They don’t “freak us out”. Some tiny percentage of people highlight the negatives because their core mission is denigrating the masses.

    Just like this article in fact.

    1. This.

      My favorite Reason articles are the ones that condescend to us plebs about issues where all the hysteria and irrationality is coming from journalists.

  13. Haha yeah, conscripting Christian bakers to make cakes for faggots and letting men who dress like women compete in segregated women’s sports leagues is exactly like the commercialization of toothpaste! Silly old fogies!

    1. Stop misgendering Dr. Rachel McKinnon, you hateful science-denying bigot.

      #TransWomenAreWomen

    2. Who said anything about cake? And why do you keep getting banned?

  14. Strangely apropos-
    I click on a link: “LATEST” and am presented, in the last week of October, with the transcript of a podcast recorded in July about the Fear Of New Things.
    Did Reason feel a need to quarantine the interview for nearly half a year?

  15. Oh elevators.

    Always face forward.

    Do not engage in small talk

    Hold open the door.

    Any other rules?

    If the cable snaps jump up. Heh.

    1. Do. Not. Fart.

    2. Give a small smile to hot women.

    3. As more people enter the elevator, the earlier occupants should move to positions where they’re all equidistant from each other–and the new occupants.

    4. It’s okay to hit the “Close Door” button when you hear someone coming down the hall trying to catch the elevator–so long as the person trying to catch the elevator can’t see who you are or that you pushed the “Close Door” button.

      1. That’s how I do it. And I quietly scream to myself, ‘come on, come on, COME ON!’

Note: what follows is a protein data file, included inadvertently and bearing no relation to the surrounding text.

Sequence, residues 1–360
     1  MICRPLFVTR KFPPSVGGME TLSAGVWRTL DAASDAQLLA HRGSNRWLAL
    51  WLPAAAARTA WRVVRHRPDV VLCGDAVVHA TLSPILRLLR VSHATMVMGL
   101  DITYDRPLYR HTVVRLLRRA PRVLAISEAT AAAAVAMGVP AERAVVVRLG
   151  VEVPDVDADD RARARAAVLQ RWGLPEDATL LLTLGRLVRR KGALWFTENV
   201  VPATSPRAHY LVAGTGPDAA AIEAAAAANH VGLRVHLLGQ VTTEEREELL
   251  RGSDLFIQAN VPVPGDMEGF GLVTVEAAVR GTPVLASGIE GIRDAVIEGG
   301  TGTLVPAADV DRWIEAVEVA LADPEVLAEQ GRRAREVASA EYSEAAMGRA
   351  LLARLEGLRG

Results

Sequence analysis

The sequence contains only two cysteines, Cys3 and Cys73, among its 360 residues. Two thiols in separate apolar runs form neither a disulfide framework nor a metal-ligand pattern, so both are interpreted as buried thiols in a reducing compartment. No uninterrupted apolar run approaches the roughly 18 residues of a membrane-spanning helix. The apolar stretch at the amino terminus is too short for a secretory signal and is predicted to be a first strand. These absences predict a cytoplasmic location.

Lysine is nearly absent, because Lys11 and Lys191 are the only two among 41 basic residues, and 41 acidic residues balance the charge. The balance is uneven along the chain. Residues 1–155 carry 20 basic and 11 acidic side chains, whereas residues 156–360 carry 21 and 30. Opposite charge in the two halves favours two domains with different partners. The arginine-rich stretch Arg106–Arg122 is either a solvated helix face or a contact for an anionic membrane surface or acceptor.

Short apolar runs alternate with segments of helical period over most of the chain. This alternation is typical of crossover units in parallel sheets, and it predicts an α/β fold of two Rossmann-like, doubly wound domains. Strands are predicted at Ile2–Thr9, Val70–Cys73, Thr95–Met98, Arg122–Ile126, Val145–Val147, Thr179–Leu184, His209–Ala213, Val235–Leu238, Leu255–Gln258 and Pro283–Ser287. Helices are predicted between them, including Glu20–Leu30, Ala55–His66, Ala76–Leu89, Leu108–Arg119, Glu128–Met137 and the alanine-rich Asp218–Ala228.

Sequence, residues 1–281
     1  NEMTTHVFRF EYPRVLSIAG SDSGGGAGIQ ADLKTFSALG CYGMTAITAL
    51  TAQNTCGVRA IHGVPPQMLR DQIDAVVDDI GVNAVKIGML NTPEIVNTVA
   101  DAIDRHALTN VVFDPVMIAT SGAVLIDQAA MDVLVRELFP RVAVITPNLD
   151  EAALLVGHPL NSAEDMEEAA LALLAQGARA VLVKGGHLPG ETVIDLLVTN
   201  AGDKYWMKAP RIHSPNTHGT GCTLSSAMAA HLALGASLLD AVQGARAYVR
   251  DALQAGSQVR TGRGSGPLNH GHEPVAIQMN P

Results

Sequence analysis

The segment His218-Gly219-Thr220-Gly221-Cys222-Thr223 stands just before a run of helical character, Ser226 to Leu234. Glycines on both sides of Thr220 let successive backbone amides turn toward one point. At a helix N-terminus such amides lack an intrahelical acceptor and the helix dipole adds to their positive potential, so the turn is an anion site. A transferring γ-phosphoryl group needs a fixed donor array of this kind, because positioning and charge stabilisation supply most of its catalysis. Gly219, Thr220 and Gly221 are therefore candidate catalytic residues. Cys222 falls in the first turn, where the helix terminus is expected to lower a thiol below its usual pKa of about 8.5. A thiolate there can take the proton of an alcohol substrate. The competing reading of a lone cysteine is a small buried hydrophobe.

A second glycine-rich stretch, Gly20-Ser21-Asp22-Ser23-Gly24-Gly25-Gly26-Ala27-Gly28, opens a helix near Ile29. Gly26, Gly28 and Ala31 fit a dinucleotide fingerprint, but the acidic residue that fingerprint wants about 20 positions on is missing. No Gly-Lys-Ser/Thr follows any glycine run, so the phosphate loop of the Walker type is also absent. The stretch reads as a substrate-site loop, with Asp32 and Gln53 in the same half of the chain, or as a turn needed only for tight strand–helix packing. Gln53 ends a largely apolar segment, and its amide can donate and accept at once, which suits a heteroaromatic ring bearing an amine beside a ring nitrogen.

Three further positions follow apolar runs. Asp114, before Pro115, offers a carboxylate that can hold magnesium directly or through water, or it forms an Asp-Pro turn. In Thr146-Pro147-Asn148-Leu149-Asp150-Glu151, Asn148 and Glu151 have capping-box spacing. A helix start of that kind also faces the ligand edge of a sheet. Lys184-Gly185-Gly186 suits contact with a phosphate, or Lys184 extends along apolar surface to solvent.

The thing about the last minute person catching the elevator is there’s sure to be someone else or two or three who jump in. All going to floors LOWER than yours.

    5. If someone continues a phone conversation when they get on the elevator, it’s an invitation to both comment on the conversation and to participate in the conversation.

      “Wow, your wife is a real pain in the ass!”

      “Ask her what’s for dinner, and tell her it better be good”.

  16. I remember 78 and I don’t remember anyone panicking over test tube babies.

    Killer bees? Yes. Ice age? Yes. Nuclear war? Yes. Lawn Darts? Yes. Kerbangers? Yes. Boba Fett that shoes spring loaded missiles from his back? Yes. Skylab falling? Yes.

    But test tube babies? No.

  17. “How is the elevator supposed to be decorated and arranged?”

    Who gives a shit? It’s the most awkward space to enter. As long as no one talks to me or doesn’t stink, it makes it somewhat palpable.

    Where possible I take the stairs.

    Just can’t stand being next to someone in a tight space like that. Knowing my luck, I’ll be stuck next to some selfish loon who coughs without covering their mouths or smells like a vat of lobotomized progressive brains.

    1. “…lobotomized progressive brains.”

      You repeat yourself, sir.